Curious Cryptos’ Commentary 12th October 2022 | by Mark Timmis | Coinmonks | Oct, 2022


The FSB (Financial Stability Board) is trying to get in on the regulatory act.

Market Snap

Market Wrap

I see that the IMF (International Monetary Fund) has performed a Truss-inspired screeching U-turn and is now saying that the UK mini-budget is not only good for growth but will make the UK the best performing economy in the G7 for this year.

Egg face one’s on.

But it is too easy, and probably a little unfair, to poke fun at these dinosaur legacy centralized entities.

But I can’t help myself. Here’s another one.

Curious Cryptos’ Commentary — The FSB (Financial Stability Board)

I make no apologies for the CCC’s ongoing commentary on regulation. The regulatory and around framework around cryptos is the single most important factor that will determine the pace of crypto adoption.

Recently we have seen some very welcome developments, particularly in the US and in the EU.

Now the FSB is trying to get in on the act.

The FSB is another one of those international agencies staffed by career bureaucrats who cannot be fired, and have very fat, guaranteed pension pots. Process, not outcome, is the focus of such organisations, and it beats me why anyone would want to work there.

From their own website:

“The FSB coordinates at the international level the work of national financial authorities and international standard-setting bodies and develops and promotes the implementation of effective regulatory, supervisory and other financial sector policies.”

It is worth stating that the FSB has no real power — it is more akin to a lobbying organisation, but I must concede an important one, for reasons that I cannot fathom. In an world its musings could be safely ignored, but ideal, we cannot do that.

Let’s see what they have to say.

In a report issued yesterday, the FSB proposes a framework for the regulation of cryptos. This framework purports to mitigate potential risks, whilst encouraging the potential benefits:

“An effective regulatory framework must ensure that crypto-asset activities are subject to comprehensive regulation, commensurate to the risks they pose, while harnessing potential benefits of the technology behind them.”

You can read the eleven-page introduction to the report here, but I would be mightily surprised if any of you did so:

No-one will be surprised that the regulation of stablecoins is front and foremost of this report. Indeed, the main meat of the report — of which there is little — is to draw regulatory distinctions between cryptos and stablecoins. For the latter, the FSB focuses on “effective stability mechanisms” and concludes:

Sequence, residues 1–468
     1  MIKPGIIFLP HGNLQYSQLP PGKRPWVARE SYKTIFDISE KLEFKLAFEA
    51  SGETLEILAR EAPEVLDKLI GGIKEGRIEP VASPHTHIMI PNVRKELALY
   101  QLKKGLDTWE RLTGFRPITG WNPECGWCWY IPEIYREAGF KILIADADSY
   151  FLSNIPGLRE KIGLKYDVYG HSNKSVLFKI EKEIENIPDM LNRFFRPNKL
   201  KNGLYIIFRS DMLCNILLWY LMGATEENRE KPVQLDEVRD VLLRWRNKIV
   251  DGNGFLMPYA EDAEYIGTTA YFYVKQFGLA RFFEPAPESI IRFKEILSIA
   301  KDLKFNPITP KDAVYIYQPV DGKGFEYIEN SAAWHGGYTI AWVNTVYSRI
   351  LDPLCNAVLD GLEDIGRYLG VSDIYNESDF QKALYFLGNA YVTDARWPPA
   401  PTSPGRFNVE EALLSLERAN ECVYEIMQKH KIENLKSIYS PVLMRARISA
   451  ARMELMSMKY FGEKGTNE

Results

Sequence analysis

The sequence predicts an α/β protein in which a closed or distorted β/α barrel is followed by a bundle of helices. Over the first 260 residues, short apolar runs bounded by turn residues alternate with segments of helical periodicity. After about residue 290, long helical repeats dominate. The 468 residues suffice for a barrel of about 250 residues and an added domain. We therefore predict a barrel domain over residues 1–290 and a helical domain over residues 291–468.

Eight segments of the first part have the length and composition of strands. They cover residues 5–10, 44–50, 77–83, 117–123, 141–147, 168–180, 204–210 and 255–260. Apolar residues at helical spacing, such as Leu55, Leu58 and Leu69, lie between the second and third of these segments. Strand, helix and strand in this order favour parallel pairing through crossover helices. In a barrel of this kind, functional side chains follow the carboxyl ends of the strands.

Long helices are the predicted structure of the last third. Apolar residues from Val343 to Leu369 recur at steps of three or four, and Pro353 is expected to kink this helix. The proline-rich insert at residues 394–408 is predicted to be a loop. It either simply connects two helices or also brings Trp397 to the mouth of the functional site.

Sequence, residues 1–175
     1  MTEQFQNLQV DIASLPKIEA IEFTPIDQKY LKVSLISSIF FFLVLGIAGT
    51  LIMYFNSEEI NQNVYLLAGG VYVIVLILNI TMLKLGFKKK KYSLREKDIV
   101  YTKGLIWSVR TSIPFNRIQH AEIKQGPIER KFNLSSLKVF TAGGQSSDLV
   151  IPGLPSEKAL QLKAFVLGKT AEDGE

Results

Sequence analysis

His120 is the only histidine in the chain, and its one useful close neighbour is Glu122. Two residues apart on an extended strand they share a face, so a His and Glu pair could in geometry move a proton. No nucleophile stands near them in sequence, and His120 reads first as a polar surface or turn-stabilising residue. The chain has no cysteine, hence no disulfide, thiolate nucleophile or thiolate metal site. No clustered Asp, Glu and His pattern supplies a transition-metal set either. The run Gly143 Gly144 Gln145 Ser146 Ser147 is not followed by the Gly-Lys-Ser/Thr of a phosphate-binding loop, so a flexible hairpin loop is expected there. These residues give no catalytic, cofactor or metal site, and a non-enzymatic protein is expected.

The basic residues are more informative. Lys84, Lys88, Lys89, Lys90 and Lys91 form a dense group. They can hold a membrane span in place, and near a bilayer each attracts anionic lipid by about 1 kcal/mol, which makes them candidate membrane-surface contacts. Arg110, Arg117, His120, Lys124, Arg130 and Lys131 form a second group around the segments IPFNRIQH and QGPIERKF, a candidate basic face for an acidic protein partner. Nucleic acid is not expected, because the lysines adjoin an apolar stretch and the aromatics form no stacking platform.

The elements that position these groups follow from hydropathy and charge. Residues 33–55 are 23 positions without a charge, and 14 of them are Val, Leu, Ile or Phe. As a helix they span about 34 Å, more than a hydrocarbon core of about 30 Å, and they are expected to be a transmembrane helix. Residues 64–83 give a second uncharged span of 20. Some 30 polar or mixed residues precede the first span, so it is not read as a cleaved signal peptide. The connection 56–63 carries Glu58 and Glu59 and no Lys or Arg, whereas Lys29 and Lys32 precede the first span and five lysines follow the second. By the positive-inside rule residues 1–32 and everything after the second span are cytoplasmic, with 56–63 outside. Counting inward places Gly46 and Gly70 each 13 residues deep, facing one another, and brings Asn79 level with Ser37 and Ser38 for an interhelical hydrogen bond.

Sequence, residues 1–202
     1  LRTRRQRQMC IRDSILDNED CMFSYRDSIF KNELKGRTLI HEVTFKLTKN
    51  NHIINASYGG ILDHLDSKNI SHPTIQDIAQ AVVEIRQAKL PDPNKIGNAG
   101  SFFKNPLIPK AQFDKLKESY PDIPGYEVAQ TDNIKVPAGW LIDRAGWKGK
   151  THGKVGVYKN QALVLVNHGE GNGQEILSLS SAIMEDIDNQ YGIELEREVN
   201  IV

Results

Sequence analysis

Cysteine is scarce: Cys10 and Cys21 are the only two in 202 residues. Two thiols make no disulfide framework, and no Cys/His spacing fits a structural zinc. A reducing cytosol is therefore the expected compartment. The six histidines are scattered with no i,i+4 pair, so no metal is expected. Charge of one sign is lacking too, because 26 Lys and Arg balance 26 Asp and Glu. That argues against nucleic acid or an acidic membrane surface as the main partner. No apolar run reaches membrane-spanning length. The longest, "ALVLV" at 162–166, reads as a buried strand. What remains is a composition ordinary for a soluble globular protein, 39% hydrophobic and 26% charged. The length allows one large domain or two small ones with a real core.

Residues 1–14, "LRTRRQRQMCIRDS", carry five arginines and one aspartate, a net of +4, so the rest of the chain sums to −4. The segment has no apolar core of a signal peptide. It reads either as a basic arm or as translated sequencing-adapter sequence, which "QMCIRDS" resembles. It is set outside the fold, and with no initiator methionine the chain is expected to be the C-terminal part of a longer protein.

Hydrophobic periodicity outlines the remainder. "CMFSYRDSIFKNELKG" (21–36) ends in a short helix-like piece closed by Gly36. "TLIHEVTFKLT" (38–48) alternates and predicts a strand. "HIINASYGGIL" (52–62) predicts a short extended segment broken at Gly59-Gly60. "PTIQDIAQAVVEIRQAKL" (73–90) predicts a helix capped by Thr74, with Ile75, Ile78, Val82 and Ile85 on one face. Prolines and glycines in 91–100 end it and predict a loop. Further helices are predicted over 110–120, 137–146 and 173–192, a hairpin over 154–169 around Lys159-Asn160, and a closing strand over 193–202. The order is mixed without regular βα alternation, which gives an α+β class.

“The revised recommendations clarify that reliance on algorithms and arbitrage activities are not effective stability mechanisms. Indeed, as the report describes, many existing stablecoins, including Terra/Luna, would not meet the FSB’s high-level recommendations.”

As the Terra fiasco happened months ago, this is the most extreme example of door closing after the horse has bolted ever known in humankind’s history.

And, er, that’s it.

I mean there are a whole lot of words that say absolutely nothing at all. You can read the full report on cryptos comprising SEVENTY-SEVEN pages here, if you are short of things to do today:

Oh, and not forgetting the accompanying report regarding stablecoins coming in at a much more manageable FORTY-FOUR pages:

The public are invited to comment on what are essentially platitudes about the need for effective regulation, and a commitment to provide final details by mid-2023.

I will report back if anything more substantive is proposed at any point in time.

Compliance Stuff

Trigger alert warning — if any reader feels that they are “literally shaking” (as claimed by a Durham student who cannot emotionally cope with a different point of view) after reading my commentary, then I can only suggest you don’t read, or don’t shake It’s up to you.

Cryptos — none of my commentary should be seen as a recommendation to get involved in cryptos. I might be talking complete nonsense without knowing it. Any crypto investments must be viewed as extremely high risk and treated as if they are worth zero until sold.

Stocks — just to make it clear this is not a stock advisory service. The CCC team does not provide financial advice in any way at all. Any reference to asset prices in this commentary are there to simply give context to the commentary and to give color to the performance of certain stocks related to cryptos.

For the avoidance of doubt, this newsletter is not an incitement to buy cryptos, buy stocks, or even to sell family members in the hope of buying cryptos or stocks.

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